Kythnos is the Aegean island which is an easy solution for escaping from Athens due to its close proximity. Apart from its close proximity, however, it is also the island that will offer you many opportunities for beautiful moments, beautiful beaches, and good food. And so, because of his close proximity, you’re probably going to spend a lot of weekends there. In these excursions, you will get to know the beautiful village that looks like a labyrinth. It’s the Dryopida.
It is one of the most beautiful settlements of the Cyclades.
Kythnos: The village that looks like a labyrinth
Dryopida is one of the most famous settlements of Kythnos that you should definitely visit if you are on the island. Its special feature is that it is the only village on the island that is not visible from the sea. In fact it is located in a sheltered place between two hills which in this way protect the village from the winds.
Another feature, however, that has made the village of Dryopida famous is the fact that it looks like a labyrinth. If you walk through its alleys, you’ll probably be in the same place over and over again without you knowing it. You will also be surprised that the buildings do not have the traditional Cycladic architecture.
Photo Source: Aggelos1357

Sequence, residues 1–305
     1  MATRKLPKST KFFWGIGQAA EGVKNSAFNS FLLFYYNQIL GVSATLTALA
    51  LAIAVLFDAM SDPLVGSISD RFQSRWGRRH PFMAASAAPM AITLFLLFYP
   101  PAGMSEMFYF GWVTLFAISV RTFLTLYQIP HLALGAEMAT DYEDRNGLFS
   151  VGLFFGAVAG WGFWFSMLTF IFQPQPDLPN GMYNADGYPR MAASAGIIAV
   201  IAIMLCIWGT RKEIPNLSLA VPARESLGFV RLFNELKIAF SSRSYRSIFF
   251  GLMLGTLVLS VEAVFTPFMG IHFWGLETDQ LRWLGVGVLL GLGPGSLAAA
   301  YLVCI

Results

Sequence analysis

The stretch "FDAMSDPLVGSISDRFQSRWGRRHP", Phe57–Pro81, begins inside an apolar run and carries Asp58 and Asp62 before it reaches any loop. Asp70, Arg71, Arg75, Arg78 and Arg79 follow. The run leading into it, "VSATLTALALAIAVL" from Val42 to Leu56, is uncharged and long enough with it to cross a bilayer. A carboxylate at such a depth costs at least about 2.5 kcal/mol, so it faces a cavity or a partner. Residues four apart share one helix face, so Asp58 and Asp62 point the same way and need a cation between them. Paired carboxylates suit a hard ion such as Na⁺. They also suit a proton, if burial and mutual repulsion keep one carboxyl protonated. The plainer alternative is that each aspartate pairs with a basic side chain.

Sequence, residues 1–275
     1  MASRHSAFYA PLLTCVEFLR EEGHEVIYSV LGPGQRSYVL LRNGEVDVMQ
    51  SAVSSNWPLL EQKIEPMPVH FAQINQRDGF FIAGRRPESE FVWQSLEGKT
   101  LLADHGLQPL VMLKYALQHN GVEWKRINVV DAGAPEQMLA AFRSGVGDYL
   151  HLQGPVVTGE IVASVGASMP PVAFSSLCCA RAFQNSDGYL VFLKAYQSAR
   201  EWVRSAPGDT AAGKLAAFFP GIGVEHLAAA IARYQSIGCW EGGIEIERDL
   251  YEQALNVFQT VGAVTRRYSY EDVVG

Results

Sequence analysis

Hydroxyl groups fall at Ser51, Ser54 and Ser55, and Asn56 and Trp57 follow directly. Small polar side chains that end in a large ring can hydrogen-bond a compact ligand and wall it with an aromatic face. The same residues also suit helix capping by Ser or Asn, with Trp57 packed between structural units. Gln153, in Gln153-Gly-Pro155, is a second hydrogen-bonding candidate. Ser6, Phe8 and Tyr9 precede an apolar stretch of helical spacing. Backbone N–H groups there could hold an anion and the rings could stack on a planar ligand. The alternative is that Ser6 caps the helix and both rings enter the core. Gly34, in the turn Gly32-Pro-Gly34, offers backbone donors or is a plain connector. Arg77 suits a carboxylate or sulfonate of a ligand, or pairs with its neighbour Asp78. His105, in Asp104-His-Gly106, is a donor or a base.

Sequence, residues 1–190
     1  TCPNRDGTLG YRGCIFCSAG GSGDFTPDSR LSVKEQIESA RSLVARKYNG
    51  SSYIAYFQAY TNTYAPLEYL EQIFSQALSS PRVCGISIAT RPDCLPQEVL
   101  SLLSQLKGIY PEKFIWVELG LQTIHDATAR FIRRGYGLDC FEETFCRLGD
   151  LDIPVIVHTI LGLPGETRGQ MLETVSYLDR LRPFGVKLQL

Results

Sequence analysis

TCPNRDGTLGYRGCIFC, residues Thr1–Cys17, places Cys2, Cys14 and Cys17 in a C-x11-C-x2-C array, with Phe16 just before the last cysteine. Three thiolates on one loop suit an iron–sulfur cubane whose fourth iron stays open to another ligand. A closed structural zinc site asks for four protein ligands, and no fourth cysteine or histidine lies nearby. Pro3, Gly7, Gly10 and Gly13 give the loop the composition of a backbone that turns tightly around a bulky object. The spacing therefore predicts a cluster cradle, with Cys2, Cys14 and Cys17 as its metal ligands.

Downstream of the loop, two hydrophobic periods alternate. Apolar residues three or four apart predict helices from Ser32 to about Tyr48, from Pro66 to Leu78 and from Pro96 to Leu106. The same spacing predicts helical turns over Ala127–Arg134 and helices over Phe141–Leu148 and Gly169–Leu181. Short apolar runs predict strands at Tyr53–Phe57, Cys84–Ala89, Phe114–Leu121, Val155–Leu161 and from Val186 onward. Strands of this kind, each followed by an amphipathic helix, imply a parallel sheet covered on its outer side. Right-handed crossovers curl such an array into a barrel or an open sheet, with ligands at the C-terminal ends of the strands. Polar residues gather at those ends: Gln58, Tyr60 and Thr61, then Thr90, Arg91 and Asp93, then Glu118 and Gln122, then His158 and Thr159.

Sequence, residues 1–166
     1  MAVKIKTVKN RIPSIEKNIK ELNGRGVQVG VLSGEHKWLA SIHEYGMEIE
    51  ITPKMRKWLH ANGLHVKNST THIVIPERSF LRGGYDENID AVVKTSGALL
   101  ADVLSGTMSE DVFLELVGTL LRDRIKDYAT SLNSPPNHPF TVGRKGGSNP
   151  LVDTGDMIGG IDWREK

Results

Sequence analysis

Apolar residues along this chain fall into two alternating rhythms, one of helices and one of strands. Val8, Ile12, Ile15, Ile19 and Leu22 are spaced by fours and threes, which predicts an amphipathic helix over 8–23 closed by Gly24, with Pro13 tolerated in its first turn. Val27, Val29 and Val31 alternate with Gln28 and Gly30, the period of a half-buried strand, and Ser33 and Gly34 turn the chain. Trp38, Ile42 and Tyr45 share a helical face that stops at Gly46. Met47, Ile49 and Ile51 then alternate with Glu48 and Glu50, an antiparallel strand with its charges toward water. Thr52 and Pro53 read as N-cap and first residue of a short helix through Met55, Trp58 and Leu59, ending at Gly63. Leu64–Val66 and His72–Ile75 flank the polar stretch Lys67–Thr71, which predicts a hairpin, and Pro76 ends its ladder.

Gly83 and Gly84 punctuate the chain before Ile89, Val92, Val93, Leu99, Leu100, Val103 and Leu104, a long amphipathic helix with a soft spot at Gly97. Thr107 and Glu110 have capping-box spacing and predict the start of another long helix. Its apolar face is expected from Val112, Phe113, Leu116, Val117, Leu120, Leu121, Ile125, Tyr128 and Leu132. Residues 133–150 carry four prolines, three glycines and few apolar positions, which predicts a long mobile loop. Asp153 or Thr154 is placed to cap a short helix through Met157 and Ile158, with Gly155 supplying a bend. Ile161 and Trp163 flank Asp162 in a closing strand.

You will meet mainly two-storey buildings with tile which compose a unique image for the Cyclades. Some even argue that the inhabitants of the settlement had an appeal to the art of ceramics and therefore they use them widely in their homes.
How to get to Dryopida
Dryopida is located as we said at a point not visible from the sea and is at an altitude of 146 meters. It is only 7 km from the port of Meriha and 8 km from Messaria (Kythnos Country). You won’t have a hard time getting there since access is very easy.
Kythnos Is also something special on the island. We are talking about an entirely colored settlement with a special aesthetic. You’ll drink your coffee under bright bougainvillea and if you’re lucky you’ll enjoy the moon in the starry sky in a unique setting. Try it and you’ll remember us.
External photography source: Roman Klementschitz